In Portland, the sharing economy is coming for home office space

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You don’t need a magic ball to know that the future of the US office is hazy.

After all, some of us miss our cubicles and coworkers, while some of us would be perfectly happy to hide in endless home offices, even when the pandemic finally decides to back off. for real. Many of us are caught in the limbo of work, dividing our time on schedules yet to be determined, while our employers continue to pay rent for underutilized offices.

In that breach comes Portland-based startup Radious. Their elevator pitch? It’s Airbnb

(right down to the police on their website, frankly), but for the offices.

Founder Amina Moreau’s bet is that many people who remain isolated will nonetheless seek safe private spaces to gather and collaborate with colleagues, as opposed to hotel conference rooms, noisy cafes and co-working spaces. semi-private. they prefer not to travel a long way to get there.

His startup is in beta now in Portland with a handful of office space for rent, dotted around the city and suburbs. The goal is to expand for full neighborhood coverage, Moreau says, and coordinate with employers, who would then make the service available to their employees and take the note.

For hosts, a few office-friendly upgrades – an Eames chair here, a wifi booster there – can be very profitable, especially with pricing set based on how many people will be using the space. In one of the beta locations, for example, up to six colleagues can reserve a furnished backyard with a picnic table in North Portland, with access to an indoor studio with workstation, kitchenette and bathroom for $ 202 – a little more, Moreau says, that the owner would have charged for an overnight stay. (The price decreases with the number of people using the property; in this particular case, you can also increase access to a second indoor workstation in a restored Airstream trailer parked in the yard.)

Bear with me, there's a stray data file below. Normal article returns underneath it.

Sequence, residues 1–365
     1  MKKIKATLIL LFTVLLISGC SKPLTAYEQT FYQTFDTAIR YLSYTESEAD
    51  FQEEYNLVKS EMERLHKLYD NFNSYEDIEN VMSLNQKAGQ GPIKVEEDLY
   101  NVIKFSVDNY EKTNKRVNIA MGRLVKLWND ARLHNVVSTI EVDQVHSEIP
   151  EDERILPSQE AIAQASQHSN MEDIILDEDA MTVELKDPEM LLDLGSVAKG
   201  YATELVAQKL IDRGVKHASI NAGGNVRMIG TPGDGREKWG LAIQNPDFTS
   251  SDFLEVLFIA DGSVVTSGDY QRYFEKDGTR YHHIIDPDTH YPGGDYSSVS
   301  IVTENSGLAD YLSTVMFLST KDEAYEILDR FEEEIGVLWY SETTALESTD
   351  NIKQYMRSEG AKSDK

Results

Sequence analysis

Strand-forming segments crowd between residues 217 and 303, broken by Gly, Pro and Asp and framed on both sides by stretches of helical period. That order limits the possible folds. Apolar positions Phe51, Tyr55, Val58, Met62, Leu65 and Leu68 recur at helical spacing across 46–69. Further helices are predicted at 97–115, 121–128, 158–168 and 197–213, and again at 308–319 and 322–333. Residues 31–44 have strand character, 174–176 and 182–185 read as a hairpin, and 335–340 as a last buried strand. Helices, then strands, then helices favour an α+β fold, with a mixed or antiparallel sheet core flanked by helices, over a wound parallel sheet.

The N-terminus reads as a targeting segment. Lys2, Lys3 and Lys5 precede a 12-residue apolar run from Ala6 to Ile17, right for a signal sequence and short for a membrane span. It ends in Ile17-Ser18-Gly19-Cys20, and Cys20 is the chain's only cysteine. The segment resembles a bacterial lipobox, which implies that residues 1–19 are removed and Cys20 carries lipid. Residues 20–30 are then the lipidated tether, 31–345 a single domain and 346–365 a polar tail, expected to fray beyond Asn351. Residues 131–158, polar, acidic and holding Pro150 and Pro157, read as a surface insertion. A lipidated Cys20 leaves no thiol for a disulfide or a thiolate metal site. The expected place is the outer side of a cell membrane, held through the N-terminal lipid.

Other locations that have registered so far include a converted air-conditioned train car in the Central Industrial Eastside for up to 14 people, and a chic ADU near Adidas headquarters in North Portland with access to a hammock in the backyard when you need it. pause. They are actively recruiting more potential hosts and are also reaching out to property managers.

“A lot of Airbnb hosts are disillusioned – the risk, the COVID parties, the wear and tear,” says Moreau. “They are professionals, who come to your space for work, not for play.”

Equipment in the workplace is clearly marked in the listings, exact Wi-Fi speeds for downloads and downloads, whether there are whiteboards and other office supplies handy, and whether you can connect HDMI and USB cables to on-site monitors. There are even disclosures about the neighborhood’s ambient noise potential from construction or traffic.

“This idea was born out of a difficult situation, and it offers people a safe escape”, said Moreau. “They can see people again and see their work more appreciated. We’re not cutting down a tree to do this, we’re not making new physical products here. We take things that are underutilized and use them more efficiently – it doesn’t make the world worse, hopefully it makes it better.

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